Born for Trouble

in: Devotional, Forgiving Day-by-Day

Troubled young woman-190


Job 5:6-7 (NLT)

“But evil does not spring from the soil, and trouble does not sprout from the earth. People are born for trouble as readily as sparks fly up from a fire.”


When we experience hardship, we instinctively look for a cause. If we can determine the cause-and-effect relationship responsible for our trouble, then we not only validate our understanding of how the world works but also imagine that such understanding can help us avoid the same trouble in the future.

In the above quote, Job’s friend Eliphaz argues that humans are responsible for their own troubles. Job’s overall story, however, teaches what Eliphaz did not seem to know, that as humans we suffer not only because of our own sin but also because we are subject to forces we cannot control or sidestep.

Because of the fall, all creation suffers decline and destruction, yet creation itself is morally neutral. It is not evil when a cheetah takes down a gazelle, or a stately oak succumbs to root rot. These are natural calamities. Humans alone, because we are made in God’s image, possess a will and moral choice. Every day, even moment by moment, we choose for good or for evil, for right or for wrong, for generosity or for selfishness. Our suffering, more often than not, is a complex web of natural calamity and the interplay of our choices and the choices of others.

Eliphaz was right when he claimed that people are born for trouble. Although we want to pin the blame for our suffering on someone, perhaps ourselves, or on some circumstance we can name, such blaming is usually simplistic and fruitless. In his final discourse, Jesus tells his disciples to expect hardship as a natural part of life but not to let the hardship conquer them. Jesus promises his peace to those who live in faith, even in the midst of trouble (John 16:33).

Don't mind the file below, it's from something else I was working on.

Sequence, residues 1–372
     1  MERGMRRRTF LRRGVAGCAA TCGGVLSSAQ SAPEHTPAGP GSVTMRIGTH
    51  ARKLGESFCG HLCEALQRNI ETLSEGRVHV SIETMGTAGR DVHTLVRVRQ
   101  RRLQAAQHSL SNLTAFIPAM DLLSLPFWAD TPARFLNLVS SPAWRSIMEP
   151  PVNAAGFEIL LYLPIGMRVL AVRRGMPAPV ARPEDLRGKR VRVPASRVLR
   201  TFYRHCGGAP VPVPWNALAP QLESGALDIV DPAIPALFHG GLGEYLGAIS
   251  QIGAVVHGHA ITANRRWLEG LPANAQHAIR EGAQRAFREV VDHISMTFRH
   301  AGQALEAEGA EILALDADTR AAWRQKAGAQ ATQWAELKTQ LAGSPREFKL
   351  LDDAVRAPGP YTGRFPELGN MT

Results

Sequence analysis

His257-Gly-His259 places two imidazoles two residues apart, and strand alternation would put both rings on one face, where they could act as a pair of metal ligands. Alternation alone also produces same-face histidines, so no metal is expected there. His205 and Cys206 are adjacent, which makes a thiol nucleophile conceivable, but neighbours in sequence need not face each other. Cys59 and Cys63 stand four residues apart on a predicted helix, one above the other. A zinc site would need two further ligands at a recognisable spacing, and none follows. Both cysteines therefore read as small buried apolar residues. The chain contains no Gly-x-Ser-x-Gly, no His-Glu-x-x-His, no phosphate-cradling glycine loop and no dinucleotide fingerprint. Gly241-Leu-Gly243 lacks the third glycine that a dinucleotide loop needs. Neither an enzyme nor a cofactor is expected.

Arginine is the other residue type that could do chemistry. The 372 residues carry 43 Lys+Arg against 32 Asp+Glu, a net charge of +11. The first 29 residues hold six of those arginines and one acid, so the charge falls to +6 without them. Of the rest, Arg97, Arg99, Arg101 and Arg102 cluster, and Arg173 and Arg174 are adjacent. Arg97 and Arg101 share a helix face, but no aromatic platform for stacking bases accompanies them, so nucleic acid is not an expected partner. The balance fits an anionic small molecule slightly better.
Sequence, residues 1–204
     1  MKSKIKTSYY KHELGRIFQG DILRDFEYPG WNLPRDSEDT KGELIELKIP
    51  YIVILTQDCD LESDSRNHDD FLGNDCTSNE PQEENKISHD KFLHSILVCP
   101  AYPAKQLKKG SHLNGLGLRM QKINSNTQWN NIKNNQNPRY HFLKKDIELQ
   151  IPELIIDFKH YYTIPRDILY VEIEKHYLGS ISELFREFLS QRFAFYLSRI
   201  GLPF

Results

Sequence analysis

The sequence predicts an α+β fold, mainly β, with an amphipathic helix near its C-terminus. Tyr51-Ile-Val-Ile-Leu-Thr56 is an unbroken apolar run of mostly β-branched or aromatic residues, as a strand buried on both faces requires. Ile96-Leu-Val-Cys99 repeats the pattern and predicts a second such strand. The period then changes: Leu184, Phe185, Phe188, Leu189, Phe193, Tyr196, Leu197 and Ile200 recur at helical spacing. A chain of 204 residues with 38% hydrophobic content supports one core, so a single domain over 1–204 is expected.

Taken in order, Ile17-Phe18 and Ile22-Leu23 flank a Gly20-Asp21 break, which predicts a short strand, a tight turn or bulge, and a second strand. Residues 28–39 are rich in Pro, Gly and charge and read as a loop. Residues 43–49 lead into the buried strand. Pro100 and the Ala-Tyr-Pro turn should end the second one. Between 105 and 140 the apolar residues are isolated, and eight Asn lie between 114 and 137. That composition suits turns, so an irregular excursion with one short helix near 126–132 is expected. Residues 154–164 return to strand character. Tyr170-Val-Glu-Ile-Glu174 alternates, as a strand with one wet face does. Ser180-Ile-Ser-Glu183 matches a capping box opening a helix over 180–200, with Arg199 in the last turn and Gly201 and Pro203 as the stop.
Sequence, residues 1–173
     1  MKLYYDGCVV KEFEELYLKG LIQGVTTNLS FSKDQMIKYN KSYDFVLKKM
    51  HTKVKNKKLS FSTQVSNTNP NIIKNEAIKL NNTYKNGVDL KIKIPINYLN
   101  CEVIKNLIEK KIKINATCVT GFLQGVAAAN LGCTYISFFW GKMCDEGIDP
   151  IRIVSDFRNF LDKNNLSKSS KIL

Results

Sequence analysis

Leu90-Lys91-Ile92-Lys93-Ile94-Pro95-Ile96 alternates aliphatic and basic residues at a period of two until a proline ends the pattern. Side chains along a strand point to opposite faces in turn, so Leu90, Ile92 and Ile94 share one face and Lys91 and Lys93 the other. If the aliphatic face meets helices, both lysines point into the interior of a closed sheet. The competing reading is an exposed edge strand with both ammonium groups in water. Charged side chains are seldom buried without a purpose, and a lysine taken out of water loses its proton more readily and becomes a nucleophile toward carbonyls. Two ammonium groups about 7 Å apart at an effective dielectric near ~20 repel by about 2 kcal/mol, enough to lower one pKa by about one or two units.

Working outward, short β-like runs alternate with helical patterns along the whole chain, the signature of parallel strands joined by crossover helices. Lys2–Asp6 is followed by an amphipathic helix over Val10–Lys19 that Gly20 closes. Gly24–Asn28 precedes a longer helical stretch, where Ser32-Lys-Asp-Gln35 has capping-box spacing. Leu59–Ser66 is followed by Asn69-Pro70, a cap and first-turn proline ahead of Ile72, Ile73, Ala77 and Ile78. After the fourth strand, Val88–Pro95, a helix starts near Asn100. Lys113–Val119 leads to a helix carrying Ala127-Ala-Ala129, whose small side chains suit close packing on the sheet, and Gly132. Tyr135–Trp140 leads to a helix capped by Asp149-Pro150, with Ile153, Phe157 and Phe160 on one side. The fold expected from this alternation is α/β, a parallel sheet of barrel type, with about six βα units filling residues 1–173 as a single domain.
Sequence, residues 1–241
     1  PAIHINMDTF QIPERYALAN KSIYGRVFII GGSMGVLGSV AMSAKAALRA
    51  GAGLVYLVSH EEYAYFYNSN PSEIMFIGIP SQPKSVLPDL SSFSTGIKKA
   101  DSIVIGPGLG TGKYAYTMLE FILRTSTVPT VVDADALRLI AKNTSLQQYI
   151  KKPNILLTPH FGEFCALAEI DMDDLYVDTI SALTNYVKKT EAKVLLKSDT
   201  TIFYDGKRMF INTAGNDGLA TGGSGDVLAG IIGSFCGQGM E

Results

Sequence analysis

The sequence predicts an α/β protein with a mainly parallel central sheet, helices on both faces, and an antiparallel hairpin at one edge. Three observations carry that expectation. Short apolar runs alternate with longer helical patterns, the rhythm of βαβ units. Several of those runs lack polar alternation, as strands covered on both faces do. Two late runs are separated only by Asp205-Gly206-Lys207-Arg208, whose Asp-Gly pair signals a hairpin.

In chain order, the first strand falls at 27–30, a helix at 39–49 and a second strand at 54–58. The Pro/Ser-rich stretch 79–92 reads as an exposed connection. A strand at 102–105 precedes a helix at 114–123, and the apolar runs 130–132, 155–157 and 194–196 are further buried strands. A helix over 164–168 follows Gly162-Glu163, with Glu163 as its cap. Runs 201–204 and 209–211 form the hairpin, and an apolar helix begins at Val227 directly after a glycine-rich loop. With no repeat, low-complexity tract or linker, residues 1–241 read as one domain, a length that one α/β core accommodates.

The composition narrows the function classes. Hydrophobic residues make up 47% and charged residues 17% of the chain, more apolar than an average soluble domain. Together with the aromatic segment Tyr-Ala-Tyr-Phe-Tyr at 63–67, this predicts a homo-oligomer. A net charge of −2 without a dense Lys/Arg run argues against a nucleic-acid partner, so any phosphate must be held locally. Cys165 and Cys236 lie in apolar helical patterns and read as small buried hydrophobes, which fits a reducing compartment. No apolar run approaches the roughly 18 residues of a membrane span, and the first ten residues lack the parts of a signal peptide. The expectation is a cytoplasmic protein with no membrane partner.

If we can accept that trouble is an inescapable—and often inexplicable—part of life, then we can rest from blaming and resenting and retaliating. Instead, we can focus on finding God in the midst of our suffering and ask, what does it mean to have God with me in this trouble? How will God use this trouble to make me stronger?


FATHER, I admit to having a secret belief that, if everyone acted the way they should, there would be no unhappiness in the world. Too often I find myself saying, “If it weren’t for this or for that, I would be content.” Help me to accept trouble as part of my journey with you toward spiritual maturity. Teach me to trust you so that I can let go of my need to blame.


Psalm 119:71; John 16:33


The next time things go wrong, instead of blaming others or yourself, immediately look to God for grace and perspective.

Please Comment

Next post:

Previous post:

Bridge to the Past by Judith Ingram – Prologue by Judith Ingram


A Devotional Walk With Forgiveness – Week 1 Day 1 by Judith Ingram


Borrowed Promises by Judith Ingram – Chapter 1 by Judith Ingram